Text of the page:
Declaration of patient consent

The authors certify that they have obtained all appropriate patient consent forms. In the form the patient (s) has/have given his/her/their consent for his/her/their images and other clinical information to be reported in the journal. The patients understand that their names and initial s will not be published and due efforts will be made to conceal their identity, but anonymity cannot be guaranteed.

Financial support and sponsorship


Conflicts of interest

There are no conflicts of interest.


1Ramírez-Amador V, Esquivel-Pedraza L, Sierra-Madero J, Anaya-Saavedra G, González-Ramírez I, Ponce-de-León S. The changing clinical spectrum of human immunodeficiency virus (HIV)-related oral lesions in 1,000 consecutive patients: A 12-year study in a referral center in Mexico. Medicine (Baltimore) 2003;82:39-50.
2Sivapathasundharam B, Rajendran A. Shafer's Textbook of Oral Pathology. 7th ed. India: Elsevier; 2012.
3Sen S, Mandal S, Bhattacharya S, Halder S, Bhaumik P. Oral manifestations in human immunodeficiency virus infected patients. Indian J Dermatol 2010;55:116-8.
4Begg MD, Lamster IB, Panageas KS, Mitchell-Lewis D, Phelan JA, Grbic JT. A prospective study of oral lesions and their predictive value for progression of HIV disease. Oral Dis 1997;3:176-83.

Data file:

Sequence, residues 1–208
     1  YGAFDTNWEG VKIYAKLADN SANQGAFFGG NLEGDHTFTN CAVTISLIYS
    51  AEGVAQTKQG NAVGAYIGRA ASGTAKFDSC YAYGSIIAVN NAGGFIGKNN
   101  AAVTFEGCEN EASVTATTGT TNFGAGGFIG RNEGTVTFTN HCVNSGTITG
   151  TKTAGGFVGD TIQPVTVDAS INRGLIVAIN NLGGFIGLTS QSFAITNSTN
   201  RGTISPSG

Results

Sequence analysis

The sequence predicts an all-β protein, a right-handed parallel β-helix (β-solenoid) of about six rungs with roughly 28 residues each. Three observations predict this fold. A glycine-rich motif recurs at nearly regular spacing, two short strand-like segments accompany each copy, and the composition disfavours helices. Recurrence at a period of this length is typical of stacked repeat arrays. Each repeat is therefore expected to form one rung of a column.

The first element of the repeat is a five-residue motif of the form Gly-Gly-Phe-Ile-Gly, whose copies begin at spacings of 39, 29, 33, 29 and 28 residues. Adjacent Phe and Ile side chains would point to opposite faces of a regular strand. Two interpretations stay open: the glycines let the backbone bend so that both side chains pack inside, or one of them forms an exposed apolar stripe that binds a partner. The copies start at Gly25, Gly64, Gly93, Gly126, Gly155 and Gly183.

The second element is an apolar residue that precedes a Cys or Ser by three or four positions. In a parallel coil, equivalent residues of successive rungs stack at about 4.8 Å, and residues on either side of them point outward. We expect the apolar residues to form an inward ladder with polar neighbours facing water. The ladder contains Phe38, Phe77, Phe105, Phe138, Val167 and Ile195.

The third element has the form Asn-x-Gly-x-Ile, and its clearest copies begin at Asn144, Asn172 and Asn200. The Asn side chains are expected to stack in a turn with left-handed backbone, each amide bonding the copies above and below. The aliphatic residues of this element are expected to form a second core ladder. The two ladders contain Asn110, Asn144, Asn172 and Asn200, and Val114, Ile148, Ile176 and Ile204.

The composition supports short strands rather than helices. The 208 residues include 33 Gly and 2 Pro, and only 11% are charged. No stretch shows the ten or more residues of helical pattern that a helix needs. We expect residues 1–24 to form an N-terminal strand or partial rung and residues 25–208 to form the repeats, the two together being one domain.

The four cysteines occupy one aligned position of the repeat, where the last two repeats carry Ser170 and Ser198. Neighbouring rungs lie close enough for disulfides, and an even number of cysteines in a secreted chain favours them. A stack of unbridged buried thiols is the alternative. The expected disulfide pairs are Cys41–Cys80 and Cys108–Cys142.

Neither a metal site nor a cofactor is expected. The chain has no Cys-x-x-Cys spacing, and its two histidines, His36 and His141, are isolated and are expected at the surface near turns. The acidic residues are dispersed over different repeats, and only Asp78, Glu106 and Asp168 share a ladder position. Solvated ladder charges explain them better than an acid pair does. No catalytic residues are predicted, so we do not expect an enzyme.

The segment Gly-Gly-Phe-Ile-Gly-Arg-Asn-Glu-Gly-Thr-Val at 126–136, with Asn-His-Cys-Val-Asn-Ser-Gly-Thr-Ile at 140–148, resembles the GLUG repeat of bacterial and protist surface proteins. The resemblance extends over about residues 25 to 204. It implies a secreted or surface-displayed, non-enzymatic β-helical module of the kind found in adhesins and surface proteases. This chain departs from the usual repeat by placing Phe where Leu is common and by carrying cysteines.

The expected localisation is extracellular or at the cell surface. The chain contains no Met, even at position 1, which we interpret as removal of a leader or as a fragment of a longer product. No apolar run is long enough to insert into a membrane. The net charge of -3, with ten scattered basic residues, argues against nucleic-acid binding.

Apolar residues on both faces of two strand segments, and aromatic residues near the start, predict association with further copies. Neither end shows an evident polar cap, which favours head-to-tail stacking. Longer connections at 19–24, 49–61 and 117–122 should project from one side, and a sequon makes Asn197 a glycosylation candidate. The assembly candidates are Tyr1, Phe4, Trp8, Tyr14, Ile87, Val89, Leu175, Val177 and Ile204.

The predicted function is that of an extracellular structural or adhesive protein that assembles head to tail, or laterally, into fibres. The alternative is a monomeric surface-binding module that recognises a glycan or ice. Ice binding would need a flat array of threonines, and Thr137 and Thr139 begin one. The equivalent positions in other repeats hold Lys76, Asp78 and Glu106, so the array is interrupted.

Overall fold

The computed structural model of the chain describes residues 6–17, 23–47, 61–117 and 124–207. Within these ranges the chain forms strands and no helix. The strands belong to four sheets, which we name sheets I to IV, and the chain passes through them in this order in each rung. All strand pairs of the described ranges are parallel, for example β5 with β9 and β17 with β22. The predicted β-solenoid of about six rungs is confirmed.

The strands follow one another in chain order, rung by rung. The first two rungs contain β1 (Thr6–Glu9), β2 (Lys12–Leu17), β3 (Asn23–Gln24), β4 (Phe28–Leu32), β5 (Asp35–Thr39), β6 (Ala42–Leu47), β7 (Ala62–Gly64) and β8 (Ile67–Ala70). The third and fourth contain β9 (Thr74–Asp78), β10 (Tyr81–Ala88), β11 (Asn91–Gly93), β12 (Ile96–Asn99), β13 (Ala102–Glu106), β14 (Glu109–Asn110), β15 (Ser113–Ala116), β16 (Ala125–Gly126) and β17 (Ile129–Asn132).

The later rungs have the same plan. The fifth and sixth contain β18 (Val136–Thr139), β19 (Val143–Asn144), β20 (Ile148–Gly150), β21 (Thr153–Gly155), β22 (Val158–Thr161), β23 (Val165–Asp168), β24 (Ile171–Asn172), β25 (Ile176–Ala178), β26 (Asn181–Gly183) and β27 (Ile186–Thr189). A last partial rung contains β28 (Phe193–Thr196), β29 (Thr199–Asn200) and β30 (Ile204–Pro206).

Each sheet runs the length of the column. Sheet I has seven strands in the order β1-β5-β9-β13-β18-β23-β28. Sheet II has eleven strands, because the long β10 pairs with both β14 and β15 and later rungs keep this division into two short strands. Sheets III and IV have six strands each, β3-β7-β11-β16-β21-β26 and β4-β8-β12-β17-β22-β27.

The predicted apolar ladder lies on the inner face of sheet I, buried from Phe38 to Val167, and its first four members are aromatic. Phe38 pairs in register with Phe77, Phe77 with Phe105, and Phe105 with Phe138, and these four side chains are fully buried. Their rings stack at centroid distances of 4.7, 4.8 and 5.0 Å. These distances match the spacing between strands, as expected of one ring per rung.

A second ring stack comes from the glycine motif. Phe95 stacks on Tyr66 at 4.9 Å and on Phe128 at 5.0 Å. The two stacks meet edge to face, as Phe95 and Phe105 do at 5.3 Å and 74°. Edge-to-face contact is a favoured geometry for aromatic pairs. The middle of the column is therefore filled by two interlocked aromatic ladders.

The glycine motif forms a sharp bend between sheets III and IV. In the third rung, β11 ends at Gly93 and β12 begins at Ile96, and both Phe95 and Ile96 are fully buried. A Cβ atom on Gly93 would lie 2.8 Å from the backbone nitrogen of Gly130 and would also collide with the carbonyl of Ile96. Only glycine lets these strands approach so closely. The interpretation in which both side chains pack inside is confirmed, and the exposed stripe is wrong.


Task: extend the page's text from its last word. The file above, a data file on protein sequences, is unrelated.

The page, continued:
5Kerdpon D, Pongsiriwet S, Pangsomboon K, Iamaroon A, Kampoo K, Sretrirutchai S, et al. Oral manifestations of HIV infection in relation to clinical and CD4 immunological status in northern and southern Thai patients. Oral Dis 2004;10:138-44.
6Agbelusi GA, Eweka OM, Umeizudike KA, Okoh M. Oral manifestations of HIV. Current Perspectives in HIV Infection. 2013:209.
7Robinson PG. The significance and management of periodontal lesions in HIV infection. Oral Dis 2002;8 Suppl 2:91-7.
8Rathee M, Jain P. Hairy Leukoplakia. StatPearls [Internet]. 2021.
9Gonçalves PH, Uldrick TS, Yarchoan R. HIV-associated Kaposi sarcoma and related diseases. AIDS 2017;31:1903-16.
10Grogg KL, Miller RF, Dogan A. HIV infection and lymphoma. J Clin Pathol 2007;60:1365-72.
11MacPhail LA, Greenspan D, Feigal DW, Lennette ET, Greenspan JS. Recurrent aphthous ulcers in association with HIV infection. Description of ulcer types and analysis of T-lymphocyte subsets. Oral Surg Oral Med Oral Pathol 1991;71:678-83.
12Tugizov SM, Webster-Cyriaque JY, Syrianen S, Chattopadyay A, Sroussi H, Zhang L, et al. Mechanisms of viral infections associated with HIV: Workshop 2B. Adv Dent Res 2011;23:130-6.
13Chen CH, Chung CY, Wang LH, Lin C, Lin HL, Lin HC. Risk of cancer among HIV-infected patients from a population-based nested case-control study: Implications for cancer prevention. BMC Cancer 2015;15:133.